“While President Obama remains popular, he struggles to maintain the voters’ trust in the wake of the three controversies” involving the Internal Revenue Service, the Benghazi attack and the seizure of Associated Press telephone records, Suffolk University said in a statement on the poll.
The president can’t afford to lose Markey, a reliable Democratic vote.
“I don’t think that the president’s visit is a sign of concern on the part of the Markey campaign,” Baker said. “I think it’s more a case of avoiding the question ‘Why hasn’t the president put in an appearance.’”
Vice President Joe Biden, joined by former Democratic Vice President Al Gore, helped raise about $250,000 for Markey at a Washington fundraiser yesterday, according to a pool report, citing the Markey campaign. Markey himself wasn’t there. He was taking part in the second of three debates with Gomez.
Gomez stepped down from his position as a principal in Advent International Corp., a Boston-based private equity firm. He’s a former Navy SEAL with no political experience and has been using his Latino heritage and fluency in Spanish as a bridge to voters.
Both candidates support an overhaul of immigration laws. From there, the views diverge.
Markey supports a nationwide ban on assault weapons that Gomez opposes. Gomez backs a no-fly zone over Syria while Markey has opposed it. Gomez said he’d consider voting for an antiabortion-rights Supreme Court justice. Markey wouldn’t. In a debate last night, they sparred again over assault weapons while they agreed that the minimum wage should be raised to $10 an hour and that the mortgage-interest tax deduction should be preserved.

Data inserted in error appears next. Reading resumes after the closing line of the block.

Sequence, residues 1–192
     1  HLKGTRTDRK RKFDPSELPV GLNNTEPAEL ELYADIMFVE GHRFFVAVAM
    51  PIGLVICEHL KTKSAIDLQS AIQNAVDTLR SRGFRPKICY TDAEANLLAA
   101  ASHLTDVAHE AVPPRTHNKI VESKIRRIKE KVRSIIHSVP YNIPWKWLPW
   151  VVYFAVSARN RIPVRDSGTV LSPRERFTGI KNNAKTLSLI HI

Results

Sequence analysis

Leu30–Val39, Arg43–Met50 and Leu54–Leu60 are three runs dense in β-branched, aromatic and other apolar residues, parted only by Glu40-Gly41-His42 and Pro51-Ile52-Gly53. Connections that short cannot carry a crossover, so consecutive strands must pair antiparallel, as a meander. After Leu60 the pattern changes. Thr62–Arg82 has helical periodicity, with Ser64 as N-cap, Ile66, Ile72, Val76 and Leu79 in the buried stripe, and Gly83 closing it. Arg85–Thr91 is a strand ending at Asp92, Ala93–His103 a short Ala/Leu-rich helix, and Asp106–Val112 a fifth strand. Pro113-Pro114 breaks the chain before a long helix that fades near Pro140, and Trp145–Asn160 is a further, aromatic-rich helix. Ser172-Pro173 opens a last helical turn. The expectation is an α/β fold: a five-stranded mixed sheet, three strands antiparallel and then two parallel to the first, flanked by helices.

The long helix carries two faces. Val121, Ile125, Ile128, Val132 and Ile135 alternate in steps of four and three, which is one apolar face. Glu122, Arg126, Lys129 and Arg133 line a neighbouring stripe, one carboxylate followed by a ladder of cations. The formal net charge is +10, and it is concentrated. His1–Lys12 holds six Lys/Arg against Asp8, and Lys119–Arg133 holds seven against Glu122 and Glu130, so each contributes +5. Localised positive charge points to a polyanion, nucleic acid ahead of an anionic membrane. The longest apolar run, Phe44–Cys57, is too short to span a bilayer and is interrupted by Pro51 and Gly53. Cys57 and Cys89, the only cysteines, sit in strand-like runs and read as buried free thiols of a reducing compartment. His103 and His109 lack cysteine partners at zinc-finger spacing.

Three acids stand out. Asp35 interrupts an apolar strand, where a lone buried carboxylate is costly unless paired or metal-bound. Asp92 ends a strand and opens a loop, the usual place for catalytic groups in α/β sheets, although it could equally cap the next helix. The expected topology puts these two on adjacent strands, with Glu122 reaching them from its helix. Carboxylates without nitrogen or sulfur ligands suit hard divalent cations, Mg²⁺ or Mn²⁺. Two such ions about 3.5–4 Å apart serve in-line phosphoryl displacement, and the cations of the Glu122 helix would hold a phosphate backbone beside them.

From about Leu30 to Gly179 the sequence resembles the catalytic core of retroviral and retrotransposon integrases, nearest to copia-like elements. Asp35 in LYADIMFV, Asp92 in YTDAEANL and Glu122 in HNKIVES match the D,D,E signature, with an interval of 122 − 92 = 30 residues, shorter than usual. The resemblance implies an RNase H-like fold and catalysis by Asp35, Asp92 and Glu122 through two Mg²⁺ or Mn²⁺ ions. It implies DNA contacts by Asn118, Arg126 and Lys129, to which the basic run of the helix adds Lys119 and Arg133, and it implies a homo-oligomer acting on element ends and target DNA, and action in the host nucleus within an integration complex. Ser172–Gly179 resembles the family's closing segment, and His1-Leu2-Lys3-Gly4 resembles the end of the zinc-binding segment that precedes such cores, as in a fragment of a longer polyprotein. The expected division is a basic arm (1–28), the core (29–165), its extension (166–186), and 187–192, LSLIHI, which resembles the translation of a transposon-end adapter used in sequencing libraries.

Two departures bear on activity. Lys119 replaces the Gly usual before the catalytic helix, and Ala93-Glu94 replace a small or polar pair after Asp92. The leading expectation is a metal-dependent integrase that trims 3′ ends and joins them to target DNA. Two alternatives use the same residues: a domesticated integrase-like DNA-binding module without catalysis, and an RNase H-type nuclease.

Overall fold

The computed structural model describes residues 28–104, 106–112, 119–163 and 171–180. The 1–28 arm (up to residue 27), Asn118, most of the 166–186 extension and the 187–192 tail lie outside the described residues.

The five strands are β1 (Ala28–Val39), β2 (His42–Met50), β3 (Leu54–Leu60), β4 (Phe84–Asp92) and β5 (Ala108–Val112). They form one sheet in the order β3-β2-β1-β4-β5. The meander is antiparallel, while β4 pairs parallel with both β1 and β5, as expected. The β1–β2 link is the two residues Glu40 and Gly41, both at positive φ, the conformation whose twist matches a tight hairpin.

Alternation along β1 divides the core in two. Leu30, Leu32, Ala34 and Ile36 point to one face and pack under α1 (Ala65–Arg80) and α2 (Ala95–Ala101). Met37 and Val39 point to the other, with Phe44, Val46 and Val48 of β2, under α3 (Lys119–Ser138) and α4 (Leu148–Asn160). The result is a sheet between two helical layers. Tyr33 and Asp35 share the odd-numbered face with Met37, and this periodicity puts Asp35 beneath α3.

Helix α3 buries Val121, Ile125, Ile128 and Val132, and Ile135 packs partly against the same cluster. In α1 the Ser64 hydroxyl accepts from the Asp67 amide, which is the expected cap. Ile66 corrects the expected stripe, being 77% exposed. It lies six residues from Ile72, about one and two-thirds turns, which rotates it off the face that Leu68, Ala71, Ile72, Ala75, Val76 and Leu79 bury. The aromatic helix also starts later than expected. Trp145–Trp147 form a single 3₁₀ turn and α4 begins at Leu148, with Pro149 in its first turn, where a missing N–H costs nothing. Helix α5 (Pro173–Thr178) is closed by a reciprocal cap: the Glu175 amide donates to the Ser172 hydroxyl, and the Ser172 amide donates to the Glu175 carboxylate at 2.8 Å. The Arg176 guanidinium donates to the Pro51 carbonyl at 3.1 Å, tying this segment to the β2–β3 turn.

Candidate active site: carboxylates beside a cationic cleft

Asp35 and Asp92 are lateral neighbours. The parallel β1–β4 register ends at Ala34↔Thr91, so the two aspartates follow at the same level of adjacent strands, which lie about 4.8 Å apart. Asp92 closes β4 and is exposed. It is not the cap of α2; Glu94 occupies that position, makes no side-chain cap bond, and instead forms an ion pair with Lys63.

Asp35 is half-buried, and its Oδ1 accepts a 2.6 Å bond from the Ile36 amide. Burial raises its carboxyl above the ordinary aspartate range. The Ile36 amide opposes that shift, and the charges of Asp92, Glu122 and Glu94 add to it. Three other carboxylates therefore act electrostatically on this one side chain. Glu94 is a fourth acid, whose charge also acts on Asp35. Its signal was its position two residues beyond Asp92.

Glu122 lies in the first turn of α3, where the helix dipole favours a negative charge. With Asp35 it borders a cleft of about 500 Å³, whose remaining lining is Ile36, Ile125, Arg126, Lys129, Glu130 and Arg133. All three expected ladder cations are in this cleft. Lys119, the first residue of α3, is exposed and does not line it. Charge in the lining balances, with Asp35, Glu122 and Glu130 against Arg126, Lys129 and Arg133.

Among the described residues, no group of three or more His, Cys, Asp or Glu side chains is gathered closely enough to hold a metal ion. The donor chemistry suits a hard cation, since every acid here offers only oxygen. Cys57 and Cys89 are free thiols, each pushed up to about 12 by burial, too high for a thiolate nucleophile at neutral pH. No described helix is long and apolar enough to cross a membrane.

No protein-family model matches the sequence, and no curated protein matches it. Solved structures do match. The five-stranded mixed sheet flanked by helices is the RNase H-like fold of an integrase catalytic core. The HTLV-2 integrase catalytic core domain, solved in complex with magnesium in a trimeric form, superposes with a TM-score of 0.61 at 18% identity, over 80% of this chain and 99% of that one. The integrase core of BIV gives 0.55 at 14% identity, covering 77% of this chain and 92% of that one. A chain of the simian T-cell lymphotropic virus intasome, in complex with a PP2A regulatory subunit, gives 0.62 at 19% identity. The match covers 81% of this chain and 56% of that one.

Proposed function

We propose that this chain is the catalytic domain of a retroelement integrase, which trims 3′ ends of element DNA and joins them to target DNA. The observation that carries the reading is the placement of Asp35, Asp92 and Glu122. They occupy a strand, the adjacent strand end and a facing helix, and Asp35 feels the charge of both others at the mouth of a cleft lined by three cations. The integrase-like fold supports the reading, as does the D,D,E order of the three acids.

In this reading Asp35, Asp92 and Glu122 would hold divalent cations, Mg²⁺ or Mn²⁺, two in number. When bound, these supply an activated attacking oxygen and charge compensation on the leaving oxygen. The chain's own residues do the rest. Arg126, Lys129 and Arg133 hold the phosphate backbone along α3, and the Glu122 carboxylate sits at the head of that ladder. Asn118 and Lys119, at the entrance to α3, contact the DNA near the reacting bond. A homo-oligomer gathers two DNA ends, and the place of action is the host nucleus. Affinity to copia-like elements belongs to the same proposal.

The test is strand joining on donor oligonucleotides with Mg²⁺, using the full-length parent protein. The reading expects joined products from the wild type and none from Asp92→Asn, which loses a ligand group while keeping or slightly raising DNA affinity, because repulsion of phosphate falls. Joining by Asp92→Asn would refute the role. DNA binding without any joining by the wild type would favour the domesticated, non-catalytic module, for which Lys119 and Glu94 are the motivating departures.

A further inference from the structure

Republican Senator John McCain of Arizona and former New York Mayor Rudy Giuliani have campaigned with Gomez. Though he’s a Republican, Gomez has acknowledged that he gave money to the Obama campaign during the 2008 election cycle.
Still, he chided Markey for seeking Obama’s appearance.
“While my opponent Congressman Markey is depending on the national Democratic machine in Washington, I’m depending on people of Massachusetts -- veterans, first responders, law enforcement, and others who live their lives putting people before party and politics,” Gomez said in a statement.
To contact the reporter on this story: Roger Runningen in Washington at firstname.lastname@example.org